The deal will ramp up competition with US rival Oracle by consolidating SAP's lead in business management and narrowing the gap with Oracle in database technology.
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The acquisition, which is SAP's biggest in over two years, is line with the new management's plan to focus on technology innovation to spur growth.
Sybase specialises in mobile "on-device" software, which is one of the key elements of SAP's growth strategy.
The announcement comes just days after Jim Hagemann Snabe said he and fellow SAP co-chief executive Bill McDermott were looking for an acquisition to bring new technology to the company.
Snabe had indicated that he deal would be of a similar type and size to the $6.1bn deal with Business Objects in 2007, which was SAP's last big acquisition.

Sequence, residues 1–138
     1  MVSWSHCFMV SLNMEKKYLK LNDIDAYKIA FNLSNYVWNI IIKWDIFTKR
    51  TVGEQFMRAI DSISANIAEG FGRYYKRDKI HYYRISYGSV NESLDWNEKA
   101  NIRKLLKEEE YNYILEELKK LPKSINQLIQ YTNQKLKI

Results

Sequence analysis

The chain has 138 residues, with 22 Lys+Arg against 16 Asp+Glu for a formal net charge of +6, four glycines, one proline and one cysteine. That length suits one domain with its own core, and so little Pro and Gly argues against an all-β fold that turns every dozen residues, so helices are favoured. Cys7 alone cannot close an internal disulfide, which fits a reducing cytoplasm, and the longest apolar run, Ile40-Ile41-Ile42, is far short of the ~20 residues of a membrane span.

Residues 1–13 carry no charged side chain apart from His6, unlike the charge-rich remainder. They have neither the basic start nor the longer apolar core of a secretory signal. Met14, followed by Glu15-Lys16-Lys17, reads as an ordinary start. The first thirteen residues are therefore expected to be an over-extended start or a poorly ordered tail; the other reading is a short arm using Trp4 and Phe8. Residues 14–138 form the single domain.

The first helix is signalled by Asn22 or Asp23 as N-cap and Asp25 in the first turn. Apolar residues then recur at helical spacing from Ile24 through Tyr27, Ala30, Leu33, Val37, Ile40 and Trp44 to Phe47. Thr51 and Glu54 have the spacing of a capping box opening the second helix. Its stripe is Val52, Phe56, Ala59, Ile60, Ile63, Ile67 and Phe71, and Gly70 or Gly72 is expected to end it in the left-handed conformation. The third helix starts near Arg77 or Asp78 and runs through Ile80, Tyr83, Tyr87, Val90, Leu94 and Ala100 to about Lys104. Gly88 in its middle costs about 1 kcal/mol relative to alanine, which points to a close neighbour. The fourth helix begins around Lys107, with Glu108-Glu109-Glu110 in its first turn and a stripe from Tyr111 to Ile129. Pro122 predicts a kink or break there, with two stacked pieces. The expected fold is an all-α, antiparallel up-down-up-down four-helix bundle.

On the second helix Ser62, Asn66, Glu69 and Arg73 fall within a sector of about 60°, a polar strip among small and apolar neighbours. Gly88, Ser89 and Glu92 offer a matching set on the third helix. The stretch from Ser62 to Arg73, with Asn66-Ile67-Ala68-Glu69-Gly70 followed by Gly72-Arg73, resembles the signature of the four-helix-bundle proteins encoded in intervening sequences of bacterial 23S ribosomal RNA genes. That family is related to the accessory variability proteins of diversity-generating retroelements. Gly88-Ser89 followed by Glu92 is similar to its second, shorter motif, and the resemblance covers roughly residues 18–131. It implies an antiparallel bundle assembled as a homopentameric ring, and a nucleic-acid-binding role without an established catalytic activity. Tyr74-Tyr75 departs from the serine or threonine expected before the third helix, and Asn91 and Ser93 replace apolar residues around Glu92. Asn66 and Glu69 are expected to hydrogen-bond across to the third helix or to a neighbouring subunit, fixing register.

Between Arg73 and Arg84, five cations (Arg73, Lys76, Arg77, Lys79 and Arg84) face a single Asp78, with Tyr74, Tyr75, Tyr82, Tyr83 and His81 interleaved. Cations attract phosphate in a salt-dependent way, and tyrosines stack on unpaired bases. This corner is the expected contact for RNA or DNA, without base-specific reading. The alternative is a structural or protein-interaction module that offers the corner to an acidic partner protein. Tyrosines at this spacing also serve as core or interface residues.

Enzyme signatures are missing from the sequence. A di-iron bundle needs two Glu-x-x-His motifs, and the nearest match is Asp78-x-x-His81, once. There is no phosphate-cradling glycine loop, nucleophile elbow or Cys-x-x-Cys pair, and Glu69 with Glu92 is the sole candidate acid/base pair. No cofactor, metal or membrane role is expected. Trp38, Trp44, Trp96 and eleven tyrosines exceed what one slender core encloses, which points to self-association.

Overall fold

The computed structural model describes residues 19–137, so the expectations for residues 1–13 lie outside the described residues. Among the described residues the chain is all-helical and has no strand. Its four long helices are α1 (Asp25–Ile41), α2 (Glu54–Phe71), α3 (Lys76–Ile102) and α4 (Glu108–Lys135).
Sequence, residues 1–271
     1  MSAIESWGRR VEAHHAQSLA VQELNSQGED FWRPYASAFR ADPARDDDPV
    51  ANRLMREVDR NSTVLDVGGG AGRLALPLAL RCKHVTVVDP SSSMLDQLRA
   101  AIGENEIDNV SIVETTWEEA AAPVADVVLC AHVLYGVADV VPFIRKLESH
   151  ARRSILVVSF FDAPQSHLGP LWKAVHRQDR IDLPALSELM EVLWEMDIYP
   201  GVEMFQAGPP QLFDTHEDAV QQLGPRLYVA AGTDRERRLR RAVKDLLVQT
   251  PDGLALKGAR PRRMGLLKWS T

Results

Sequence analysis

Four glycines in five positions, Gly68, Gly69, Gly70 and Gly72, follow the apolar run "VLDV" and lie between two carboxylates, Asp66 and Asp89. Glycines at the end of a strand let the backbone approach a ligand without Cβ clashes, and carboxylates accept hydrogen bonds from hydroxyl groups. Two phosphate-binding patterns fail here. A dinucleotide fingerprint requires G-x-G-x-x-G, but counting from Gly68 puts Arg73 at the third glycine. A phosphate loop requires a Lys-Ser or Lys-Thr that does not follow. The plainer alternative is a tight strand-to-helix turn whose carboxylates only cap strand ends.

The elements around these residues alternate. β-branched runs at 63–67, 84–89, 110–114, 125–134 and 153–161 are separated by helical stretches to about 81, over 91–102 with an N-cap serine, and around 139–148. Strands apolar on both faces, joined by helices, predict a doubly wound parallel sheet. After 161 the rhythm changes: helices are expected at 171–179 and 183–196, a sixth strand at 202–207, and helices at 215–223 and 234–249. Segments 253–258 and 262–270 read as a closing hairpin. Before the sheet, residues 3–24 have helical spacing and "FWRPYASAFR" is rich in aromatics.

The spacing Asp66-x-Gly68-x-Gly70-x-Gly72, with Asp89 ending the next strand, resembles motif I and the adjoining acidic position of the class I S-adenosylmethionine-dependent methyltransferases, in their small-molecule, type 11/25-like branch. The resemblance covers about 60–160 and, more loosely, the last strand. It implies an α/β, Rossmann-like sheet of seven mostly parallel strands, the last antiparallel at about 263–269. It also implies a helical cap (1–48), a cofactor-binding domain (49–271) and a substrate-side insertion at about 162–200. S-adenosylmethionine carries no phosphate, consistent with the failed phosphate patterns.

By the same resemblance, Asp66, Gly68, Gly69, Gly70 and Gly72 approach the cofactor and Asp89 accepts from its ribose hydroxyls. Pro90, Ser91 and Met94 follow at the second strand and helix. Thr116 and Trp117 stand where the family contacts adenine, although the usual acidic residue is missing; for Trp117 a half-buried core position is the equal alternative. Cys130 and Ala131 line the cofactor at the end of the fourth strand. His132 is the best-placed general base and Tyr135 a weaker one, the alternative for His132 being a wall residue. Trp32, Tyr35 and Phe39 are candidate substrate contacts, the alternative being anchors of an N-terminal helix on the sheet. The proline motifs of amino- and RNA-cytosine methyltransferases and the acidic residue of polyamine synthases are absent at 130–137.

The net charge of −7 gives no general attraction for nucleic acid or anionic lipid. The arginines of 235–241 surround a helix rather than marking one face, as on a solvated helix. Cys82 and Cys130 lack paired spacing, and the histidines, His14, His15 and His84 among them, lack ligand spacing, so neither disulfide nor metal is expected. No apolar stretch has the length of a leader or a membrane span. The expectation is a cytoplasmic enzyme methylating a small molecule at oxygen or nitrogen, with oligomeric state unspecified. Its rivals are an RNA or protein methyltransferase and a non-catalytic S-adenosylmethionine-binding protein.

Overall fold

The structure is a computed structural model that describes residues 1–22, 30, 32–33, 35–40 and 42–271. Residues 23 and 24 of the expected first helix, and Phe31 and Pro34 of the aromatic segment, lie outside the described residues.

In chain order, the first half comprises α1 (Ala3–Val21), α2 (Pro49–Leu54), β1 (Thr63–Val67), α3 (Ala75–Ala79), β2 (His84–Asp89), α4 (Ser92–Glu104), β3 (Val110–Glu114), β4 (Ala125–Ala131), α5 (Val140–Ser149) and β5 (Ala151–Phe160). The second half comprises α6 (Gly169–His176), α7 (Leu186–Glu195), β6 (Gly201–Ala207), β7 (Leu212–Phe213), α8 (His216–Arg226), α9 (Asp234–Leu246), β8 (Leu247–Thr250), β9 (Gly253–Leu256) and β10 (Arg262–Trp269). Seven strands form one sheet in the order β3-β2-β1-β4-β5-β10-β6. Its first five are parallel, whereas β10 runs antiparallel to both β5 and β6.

SAP aims to expand its position in enterprise software and move into the new areas of mobile software and software on demand.
McDermott said the deal will combine the world's best business software with the world's most powerful mobile infrastructure platform.
"This is a game-changing transaction for SAP and Sybase customers, who will be better able to connect their employees with key functionality and information from anywhere and make it easier for companies to make faster, more informed business decisions in real time, he said.
Snabe said the combination of SAP and Sybase will give users the option of running their operations from leading mobile devices.
"In addition, innovation around Sybase's established database business will pave the way for 'real' real-time analytics," he said.
Sybase is to be run as a fully owned subsidiary, with John Chen remaining in his role as chief executive and chairman. He will also join SAP's management board.
Sybase's share price jumped more than 35% on news of the planned acquisition by SAP.